Joel Chan is an Assistant Professor in the University of Maryland’s College of Information Studies (iSchool) and Human-Computer Interaction Lab (HCIL), and Senior Fellow at the Center for Advanced Study of Communities and Information (CASCI). Previously, he was a Postdoctoral Research Fellow and Project Scientist in the Human-Computer Interaction Institute (HCII) at Carnegie Mellon University, and received his PhD in Cognitive Psychology at the University of Pittsburgh. His research investigates systems that support creative knowledge work, such as scientific discovery and innovative design. His long-term goal is to help create a future where innovation systems are characterized by openness and sustainability. His research has received funding from the National Science Foundation and the Institute for Museum and Library Sciences, and received Best Paper awards from the ASME Conference for Design Theory and Methodology, the Journal of Design Studies, and the ACM SIGKDD Conference on Knowledge Discovery and Data Mining (KDD).
Speaker: Dan Russell, Google Inc.
I've been teaching people how to augment their cognition by becoming more effective online researchers for the past decade. In that time, I've taught thousands of people (think students, librarians, professional researchers, and just plain folks) how to find out what they seek through Google (and many other online resources and tools). This talk covers my experiences in learning how to teach these skills, and what I've learned from direct interactions with my students and from various studies I've run in the lab and with live search traffic. I'll discuss my MOOC (PowerSearchingWithGoogle.com), which has had over 4.5M students, my live classes, and various publications in paper, book, and video formats. I can tell you which methods work best, why, and how it changes the way people think and answer difficult research questions.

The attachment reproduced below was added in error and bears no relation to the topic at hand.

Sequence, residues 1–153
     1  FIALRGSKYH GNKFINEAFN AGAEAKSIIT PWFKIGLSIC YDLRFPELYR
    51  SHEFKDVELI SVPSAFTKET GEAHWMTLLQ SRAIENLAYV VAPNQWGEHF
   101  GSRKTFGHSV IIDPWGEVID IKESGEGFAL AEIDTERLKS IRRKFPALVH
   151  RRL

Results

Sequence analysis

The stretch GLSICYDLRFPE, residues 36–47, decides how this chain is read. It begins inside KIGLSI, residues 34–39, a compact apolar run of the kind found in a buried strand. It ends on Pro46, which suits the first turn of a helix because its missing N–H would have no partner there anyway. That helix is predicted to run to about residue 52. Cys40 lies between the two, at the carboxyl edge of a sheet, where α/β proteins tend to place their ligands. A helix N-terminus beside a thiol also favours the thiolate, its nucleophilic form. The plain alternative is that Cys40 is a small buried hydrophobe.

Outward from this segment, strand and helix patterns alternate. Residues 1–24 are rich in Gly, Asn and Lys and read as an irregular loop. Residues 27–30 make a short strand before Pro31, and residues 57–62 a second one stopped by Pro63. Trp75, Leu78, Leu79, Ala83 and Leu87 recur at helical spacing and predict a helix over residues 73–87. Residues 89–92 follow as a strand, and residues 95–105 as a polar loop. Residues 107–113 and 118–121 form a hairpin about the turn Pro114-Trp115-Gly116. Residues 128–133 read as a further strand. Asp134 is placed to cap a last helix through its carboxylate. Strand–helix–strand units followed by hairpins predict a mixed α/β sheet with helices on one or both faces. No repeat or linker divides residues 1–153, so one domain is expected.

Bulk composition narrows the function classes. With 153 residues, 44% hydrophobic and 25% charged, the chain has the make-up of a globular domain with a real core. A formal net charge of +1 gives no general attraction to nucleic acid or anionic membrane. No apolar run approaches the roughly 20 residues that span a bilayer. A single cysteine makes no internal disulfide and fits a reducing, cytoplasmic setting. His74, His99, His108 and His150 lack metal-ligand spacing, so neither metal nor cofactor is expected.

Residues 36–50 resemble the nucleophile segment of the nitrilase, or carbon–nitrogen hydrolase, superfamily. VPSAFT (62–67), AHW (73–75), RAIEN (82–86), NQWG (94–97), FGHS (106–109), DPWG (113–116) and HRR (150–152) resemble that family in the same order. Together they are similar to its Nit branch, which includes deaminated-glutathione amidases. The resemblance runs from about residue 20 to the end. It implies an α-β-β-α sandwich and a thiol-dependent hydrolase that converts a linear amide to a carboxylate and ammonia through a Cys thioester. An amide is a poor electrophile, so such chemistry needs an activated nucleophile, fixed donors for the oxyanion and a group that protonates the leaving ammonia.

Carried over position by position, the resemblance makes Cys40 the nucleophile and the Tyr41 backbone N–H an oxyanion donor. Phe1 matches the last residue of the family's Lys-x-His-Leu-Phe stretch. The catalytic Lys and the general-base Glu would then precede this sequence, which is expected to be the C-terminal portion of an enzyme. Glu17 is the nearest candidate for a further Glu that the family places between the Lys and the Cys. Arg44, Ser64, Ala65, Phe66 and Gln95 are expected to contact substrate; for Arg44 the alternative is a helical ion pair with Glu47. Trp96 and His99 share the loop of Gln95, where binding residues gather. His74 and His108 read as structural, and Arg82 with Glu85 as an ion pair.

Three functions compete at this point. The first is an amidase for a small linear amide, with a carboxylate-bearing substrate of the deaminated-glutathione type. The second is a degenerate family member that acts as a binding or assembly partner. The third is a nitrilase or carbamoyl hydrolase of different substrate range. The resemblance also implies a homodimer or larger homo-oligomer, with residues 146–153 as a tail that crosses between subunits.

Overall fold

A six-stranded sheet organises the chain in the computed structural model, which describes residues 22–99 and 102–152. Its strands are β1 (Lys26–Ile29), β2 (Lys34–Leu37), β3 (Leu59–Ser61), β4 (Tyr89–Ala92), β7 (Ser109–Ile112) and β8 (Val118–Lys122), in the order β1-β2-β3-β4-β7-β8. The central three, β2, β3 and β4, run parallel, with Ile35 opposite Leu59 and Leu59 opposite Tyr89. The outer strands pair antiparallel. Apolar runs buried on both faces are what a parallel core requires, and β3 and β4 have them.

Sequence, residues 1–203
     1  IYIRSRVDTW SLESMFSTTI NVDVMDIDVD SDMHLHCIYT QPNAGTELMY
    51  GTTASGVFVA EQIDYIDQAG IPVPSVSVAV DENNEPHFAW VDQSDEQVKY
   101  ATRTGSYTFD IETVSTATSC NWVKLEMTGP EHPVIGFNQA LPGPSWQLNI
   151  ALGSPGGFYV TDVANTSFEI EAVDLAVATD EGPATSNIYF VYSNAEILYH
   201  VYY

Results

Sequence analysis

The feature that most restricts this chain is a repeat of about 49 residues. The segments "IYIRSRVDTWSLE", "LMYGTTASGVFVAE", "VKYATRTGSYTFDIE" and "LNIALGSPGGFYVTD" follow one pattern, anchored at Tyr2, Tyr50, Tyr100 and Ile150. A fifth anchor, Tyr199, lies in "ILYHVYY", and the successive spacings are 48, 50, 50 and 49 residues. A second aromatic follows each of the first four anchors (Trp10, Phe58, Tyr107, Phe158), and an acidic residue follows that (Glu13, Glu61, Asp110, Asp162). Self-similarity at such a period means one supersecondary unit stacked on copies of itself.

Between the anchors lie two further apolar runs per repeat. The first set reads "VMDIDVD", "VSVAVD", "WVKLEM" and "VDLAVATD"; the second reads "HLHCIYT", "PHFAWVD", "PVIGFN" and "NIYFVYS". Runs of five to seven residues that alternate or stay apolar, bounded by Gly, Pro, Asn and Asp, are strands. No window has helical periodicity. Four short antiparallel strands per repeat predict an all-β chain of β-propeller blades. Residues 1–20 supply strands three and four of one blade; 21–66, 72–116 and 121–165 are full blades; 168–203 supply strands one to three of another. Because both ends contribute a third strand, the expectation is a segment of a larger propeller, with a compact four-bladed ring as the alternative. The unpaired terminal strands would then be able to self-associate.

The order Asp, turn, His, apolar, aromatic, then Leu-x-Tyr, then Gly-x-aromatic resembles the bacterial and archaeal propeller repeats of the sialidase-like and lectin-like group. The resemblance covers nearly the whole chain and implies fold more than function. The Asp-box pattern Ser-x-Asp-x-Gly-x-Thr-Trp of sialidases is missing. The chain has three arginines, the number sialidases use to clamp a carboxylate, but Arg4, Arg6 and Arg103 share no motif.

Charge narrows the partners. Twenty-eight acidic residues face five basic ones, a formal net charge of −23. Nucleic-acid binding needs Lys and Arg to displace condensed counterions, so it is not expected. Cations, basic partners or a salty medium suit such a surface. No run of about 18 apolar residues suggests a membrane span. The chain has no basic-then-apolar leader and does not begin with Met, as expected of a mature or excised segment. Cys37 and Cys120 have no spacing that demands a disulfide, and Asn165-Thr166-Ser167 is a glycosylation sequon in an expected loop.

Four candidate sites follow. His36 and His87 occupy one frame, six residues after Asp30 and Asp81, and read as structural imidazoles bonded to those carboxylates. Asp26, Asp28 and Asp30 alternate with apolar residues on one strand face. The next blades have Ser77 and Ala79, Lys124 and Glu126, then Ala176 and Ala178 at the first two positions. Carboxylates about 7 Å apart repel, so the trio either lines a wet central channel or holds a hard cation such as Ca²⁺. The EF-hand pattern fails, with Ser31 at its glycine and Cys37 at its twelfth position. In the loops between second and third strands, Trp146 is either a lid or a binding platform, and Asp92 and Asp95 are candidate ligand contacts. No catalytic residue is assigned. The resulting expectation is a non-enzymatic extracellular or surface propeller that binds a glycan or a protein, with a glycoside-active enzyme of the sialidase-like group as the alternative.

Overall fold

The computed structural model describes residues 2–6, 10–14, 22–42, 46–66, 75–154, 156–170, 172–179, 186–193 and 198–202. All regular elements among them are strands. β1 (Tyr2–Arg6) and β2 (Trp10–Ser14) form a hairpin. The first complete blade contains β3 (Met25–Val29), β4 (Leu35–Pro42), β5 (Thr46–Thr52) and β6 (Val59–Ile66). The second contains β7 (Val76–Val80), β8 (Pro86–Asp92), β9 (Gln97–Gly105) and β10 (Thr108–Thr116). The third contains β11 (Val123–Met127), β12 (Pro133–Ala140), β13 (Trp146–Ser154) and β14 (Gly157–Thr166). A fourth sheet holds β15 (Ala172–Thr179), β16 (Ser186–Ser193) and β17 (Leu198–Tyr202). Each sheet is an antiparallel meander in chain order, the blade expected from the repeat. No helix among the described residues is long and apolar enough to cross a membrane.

Daniel Russell is Google's Senior Research Scientist for Search Quality and User Happiness in Mountain View. He earned his PhD in computer science, specializing in Artificial Intelligence. These days he realizes that amplifying human intelligence is his real passion. His day job is understanding how people search for information, and the ways they come to learn about the world through Google. Dan's current research is to understand how human intelligence and artificial intelligence can work together to better than either as a solo intelligence. His 20% job is teaching the world to search more effectively. His MOOC, PowerSearchingWithGoogle.com, is currently hosting over 3,000 learners/week in the course. In the past 3 years, 4 million students have attended his online search classes, augmenting their intelligence with AI. His instructional YouTube videos have a cumulative runtime of over 350 years (24 hours/day; 7 days/week; 365 weeks/year). His new book, The Joy of Search, tells intriguing stories of how to be an effective searcher by going from a curious question to a reliable answer, showing how to do online research with skill and accuracy. (MIT Press)